Once I’m ready to go, I usually try to paint it in one sitting.  Watercolours can be quite unforgiving and personally, I find it works best if I work quickly, to make sure I’m happy with laying my paint down with different tones and blends before everything gets a chance to dry out.  I know other painters have a slower approach but this is the one that I find suits me.

There’s a lot of grey in the final unicorn, as you’ll see below.  One of the things I love about paint is that it allows me to only work with three paint colours: red, yellow and blue (in warm or cool palettes).  The grey, believe it or not, is made by just the right blend of red, yellow and blue.  No black, no grey, no white.  Amazing huh?

Maybe in a future blog post, I’ll talk about the magic of grey…

But for now, here is a bad-ass rainbow breathing unicorn:

Watercolour painting of a grey rainbow breathing unicorn by Laura Elliott of Drawesome Illustration

 

Big Toothy Robot

Today I drew and painted up a toothy robot, inspired by a pencil sharpener (if you can believe it).  It doesn’t have a name yet – what do you think it should be called?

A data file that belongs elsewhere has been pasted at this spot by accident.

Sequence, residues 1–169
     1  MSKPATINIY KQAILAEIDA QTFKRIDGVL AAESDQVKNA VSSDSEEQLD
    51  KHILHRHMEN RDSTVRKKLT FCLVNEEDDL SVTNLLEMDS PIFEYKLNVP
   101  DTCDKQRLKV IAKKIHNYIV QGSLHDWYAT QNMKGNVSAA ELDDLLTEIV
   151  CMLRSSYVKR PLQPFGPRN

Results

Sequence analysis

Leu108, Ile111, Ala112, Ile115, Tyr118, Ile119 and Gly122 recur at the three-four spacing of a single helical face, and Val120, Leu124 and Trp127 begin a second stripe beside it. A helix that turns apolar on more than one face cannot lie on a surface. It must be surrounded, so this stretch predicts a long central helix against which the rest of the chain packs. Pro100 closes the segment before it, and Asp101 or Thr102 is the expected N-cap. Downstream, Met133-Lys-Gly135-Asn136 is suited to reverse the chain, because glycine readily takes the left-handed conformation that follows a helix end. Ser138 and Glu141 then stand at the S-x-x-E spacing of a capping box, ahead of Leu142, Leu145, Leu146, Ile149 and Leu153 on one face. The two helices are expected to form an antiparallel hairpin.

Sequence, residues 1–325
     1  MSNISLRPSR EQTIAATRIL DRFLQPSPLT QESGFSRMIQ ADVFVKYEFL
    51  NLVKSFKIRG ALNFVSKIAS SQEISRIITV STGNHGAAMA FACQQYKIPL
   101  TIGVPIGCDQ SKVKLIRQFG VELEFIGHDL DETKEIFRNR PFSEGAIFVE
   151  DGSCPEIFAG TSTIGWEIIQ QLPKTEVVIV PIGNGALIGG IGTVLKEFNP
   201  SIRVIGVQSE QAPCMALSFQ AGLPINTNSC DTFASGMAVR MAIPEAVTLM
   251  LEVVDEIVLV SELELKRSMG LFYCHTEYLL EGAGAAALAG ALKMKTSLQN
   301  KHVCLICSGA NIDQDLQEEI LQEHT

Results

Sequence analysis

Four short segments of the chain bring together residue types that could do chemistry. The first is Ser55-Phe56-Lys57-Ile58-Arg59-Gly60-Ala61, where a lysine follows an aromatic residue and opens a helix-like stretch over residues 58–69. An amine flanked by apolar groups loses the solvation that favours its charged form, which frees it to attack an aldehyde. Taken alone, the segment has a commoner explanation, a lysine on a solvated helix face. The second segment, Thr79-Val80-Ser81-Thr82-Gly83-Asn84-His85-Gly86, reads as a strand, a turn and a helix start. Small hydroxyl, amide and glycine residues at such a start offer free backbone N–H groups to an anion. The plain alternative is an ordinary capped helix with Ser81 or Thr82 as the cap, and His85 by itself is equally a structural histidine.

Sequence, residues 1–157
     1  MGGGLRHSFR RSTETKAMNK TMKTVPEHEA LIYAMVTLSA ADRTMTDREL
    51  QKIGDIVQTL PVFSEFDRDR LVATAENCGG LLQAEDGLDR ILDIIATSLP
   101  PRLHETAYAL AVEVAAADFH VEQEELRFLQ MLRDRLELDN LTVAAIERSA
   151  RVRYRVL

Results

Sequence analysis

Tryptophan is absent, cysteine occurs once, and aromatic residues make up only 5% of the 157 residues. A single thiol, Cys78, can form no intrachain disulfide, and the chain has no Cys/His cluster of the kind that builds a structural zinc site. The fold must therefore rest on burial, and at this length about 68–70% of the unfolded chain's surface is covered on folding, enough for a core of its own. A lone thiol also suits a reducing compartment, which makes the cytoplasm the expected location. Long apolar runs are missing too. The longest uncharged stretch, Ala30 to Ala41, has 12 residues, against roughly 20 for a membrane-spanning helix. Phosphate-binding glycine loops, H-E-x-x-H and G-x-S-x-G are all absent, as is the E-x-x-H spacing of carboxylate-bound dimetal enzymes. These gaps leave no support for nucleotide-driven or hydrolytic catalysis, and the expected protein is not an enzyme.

Pen and ink drawing of a robot from 2 different angles

pencil sketch of a burlesque performer with white feather fans and a white costume

Burlesque Sketches

As a warm up for my drawing, I like to do a lot of figure sketches.  As I have a fondness for burlesque, a lot of my sketches revolve around that theme.  Behold, a feathered lady and an aerial hoop artist.

Monsters And Robots – Slugors

pencil drawing of a slug and scissors inspired monsterI’ve devised a warm up activity that is a great way of creating monsters and robots – I’ve also decided I should start posting them so you can see!  Please meet my monster called ‘Slugors’, he hides in your garden waiting for the prime opportunity to climb up your trouser leg. He likes to eat the contents of your pocket, from pocket fluff to coins.

 

A Piece Of Silly

I came across some narwhals on the internet today and this idea fell out of my brain and onto paper.  I thought, ‘if I were a narwhal and had access to marshmallows, I’d totally do this’